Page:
Legacy of the Sansei – Kaua‘i-Born Sansei Share Perspectives On Sansei Legacy

Legacy of the Sansei – Kaua‘i-Born Sansei Share Perspectives On Sansei Legacy

Photo of Chad Taniguchi (Hawaii Bicycling League), Jeff Mikulina (Blue Planet Foundation) and Alan Murakami (Native Hawaiian Legal Corporation) share a laugh with Randy Ching, Sierra Club Hawaii’s Volunteer of the Year (with lei). (Photo courtesy Chad Taniguchi)

SANSEI LEGACY CAN BE BASED ON SUSTAINABLE
ISSEI VALUES

Chad Taniguchi
Special to The Hawai‘i Herald

My issei grandparents from Hiroshima and Ehime-ken were frugal. I remember Ojiichan saved pieces of string and wound them into a ball. Obaachan made okara with leftover soybean fiber after making töfu. Grandma fertilized orchids with water from rinsed-out milk bottles. “Spend the time to save small things; it will help you survive” was the Issei motto.

Photo of Chad Taniguchi

“Nisei, Sansei, Yonsei, Gosei and future-sei of all cultures can look for creative ways to do more with our own bodies and renewable resources and less with the residue of dinosaurs long dead.” — Chad Taniguchi

In Waimea, Kaua‘i, where I grew up, the Issei set up a community kumiai, or “ku” system, to organize marriages, funerals and community emergencies. People pitched in — many hands made light work. Nisei used the ku locality groups, like Smokey Valley and Townies, to organize community projects. Volunteerism was so ingrained it didn’t even have a special name. In 1955, all of the townspeople spent their weekends for a whole year to joyfully plan, dig, form, pour and finish a 25-yard swimming pool for the town’s children. It still serves swimmers 61 years later! Anything is possible when people set their minds to it.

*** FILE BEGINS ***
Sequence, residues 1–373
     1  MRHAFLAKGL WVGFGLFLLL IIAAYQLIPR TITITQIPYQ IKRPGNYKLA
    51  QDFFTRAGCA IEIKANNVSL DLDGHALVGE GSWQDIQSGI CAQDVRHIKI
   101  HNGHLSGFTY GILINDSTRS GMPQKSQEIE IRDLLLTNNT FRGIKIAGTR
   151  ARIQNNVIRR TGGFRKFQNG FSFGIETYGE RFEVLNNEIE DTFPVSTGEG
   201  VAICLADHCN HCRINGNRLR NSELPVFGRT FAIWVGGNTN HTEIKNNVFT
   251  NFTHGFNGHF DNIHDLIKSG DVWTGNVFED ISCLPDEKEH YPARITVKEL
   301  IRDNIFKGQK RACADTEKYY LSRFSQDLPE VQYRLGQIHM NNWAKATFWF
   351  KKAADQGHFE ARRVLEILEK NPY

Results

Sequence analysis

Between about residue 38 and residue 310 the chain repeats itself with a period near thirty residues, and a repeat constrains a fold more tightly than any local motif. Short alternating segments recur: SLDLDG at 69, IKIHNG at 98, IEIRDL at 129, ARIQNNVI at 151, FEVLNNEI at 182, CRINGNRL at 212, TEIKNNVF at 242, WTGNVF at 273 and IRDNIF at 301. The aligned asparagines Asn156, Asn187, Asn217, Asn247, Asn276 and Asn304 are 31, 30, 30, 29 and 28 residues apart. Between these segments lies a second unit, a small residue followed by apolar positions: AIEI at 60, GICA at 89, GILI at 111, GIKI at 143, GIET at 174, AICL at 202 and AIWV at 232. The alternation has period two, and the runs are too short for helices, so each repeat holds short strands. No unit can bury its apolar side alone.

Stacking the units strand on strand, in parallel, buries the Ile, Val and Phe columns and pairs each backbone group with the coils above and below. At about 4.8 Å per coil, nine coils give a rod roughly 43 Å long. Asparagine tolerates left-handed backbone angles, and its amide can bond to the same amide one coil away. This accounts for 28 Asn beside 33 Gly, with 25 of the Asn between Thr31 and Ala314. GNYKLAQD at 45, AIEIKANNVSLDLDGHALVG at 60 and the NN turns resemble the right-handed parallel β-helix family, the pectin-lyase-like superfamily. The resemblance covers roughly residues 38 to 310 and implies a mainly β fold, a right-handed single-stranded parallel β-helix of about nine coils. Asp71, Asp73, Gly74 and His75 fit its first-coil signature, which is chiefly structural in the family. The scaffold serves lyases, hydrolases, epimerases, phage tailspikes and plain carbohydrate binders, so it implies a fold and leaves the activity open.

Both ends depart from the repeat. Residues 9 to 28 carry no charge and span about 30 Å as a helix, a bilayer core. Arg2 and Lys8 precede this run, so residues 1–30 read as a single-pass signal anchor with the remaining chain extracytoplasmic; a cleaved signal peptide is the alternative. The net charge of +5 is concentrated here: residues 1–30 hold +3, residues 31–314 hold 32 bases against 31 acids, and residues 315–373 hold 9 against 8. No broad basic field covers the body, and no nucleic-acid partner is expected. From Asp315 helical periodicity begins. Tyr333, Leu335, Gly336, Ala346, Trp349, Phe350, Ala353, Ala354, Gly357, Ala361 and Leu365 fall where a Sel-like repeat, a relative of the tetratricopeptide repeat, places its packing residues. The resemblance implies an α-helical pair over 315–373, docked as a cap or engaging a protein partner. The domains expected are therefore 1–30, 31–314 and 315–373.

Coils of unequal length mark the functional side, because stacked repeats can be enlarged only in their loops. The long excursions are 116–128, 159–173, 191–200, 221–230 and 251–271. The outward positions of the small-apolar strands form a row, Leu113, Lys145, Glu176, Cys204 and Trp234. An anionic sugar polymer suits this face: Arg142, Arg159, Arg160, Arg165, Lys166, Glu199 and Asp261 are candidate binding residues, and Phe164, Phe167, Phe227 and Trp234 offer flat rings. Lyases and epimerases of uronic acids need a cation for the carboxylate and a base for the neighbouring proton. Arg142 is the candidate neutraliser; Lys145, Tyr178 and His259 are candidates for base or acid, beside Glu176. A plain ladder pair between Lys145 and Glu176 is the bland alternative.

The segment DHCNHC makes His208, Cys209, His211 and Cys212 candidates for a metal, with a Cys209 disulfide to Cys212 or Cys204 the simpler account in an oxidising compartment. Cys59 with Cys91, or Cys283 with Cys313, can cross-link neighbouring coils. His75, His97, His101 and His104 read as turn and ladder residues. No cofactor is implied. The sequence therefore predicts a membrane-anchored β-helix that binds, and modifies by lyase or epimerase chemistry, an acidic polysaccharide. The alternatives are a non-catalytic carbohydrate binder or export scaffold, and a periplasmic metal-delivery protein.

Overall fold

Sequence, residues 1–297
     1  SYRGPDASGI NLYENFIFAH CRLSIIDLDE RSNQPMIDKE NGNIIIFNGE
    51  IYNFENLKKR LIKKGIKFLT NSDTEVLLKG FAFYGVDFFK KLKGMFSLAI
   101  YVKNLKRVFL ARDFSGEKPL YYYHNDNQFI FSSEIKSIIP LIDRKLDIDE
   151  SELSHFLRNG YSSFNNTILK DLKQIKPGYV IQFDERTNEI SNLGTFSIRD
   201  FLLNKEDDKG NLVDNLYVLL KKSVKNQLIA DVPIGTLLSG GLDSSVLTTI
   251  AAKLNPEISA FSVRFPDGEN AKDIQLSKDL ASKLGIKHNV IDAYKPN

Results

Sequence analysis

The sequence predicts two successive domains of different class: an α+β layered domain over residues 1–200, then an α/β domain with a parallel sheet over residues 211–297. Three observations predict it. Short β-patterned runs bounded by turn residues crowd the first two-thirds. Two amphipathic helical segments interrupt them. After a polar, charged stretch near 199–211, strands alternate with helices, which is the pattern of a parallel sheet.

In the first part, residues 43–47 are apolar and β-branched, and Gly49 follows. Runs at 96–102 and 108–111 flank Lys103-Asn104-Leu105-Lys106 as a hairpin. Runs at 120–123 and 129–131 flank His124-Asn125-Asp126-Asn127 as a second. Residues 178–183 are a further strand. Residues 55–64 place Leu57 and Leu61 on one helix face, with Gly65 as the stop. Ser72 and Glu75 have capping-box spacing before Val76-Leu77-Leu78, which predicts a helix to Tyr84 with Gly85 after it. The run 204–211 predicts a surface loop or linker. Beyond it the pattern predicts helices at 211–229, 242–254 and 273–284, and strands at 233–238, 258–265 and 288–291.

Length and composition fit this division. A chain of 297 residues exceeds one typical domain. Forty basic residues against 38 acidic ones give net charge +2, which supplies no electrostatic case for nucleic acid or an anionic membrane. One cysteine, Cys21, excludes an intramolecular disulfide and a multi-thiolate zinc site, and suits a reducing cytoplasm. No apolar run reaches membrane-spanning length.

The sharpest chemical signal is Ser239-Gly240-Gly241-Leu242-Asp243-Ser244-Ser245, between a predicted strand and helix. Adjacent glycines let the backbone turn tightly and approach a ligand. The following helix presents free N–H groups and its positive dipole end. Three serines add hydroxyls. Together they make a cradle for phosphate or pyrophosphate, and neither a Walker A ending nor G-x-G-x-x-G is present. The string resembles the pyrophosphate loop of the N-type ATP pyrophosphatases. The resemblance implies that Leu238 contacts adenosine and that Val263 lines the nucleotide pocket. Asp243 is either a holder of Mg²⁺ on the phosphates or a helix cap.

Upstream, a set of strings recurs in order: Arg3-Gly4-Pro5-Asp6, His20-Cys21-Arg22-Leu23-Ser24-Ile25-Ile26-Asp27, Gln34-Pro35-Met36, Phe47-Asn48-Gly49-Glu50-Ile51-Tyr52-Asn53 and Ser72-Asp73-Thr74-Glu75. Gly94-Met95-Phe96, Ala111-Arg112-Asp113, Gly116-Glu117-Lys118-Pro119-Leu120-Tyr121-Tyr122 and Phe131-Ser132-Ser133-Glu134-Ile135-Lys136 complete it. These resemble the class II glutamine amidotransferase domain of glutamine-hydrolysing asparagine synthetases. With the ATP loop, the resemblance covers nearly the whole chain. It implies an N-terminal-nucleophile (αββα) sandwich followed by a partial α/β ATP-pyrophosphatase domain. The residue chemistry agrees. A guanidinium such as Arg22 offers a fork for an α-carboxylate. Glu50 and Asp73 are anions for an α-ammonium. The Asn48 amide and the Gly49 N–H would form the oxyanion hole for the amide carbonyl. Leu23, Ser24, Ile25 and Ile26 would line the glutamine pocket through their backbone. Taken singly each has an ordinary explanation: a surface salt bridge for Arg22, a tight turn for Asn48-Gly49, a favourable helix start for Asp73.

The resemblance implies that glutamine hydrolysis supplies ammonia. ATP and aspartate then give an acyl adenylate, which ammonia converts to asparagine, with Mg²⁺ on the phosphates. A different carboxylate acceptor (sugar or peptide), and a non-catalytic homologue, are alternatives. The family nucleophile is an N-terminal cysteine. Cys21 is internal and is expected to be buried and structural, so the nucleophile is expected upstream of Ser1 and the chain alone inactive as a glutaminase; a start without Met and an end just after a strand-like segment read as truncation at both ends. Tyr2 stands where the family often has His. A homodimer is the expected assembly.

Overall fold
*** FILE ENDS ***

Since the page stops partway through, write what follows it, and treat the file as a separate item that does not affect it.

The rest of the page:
That same community spirit has made a difference countless times all over Kaua‘i. In the 1990s our Kalawai little league team built a concrete clubhouse/picnic area with County-supplied materials and parent-supplied labor. After Hurricane ‘Iniki struck, people from all over Kaua‘i built the huge Kamalani Playground for kids. Don’t rely on the government to do everything. Do a small part to do it faster and better.

Back in Waimea after World War II, my uncles and my father returned from military service determined to live the American Dream. With economic progress in the 1960s and 1970s, a few of my Nisei uncles thought their parents’ frugality and simple ways out of step. “No waste time saving string. Why waste time walking when we can drive.” So went the thinking

 To read the rest of this article, please subscribe to The Herald!

NO COMMENTS

Leave a Reply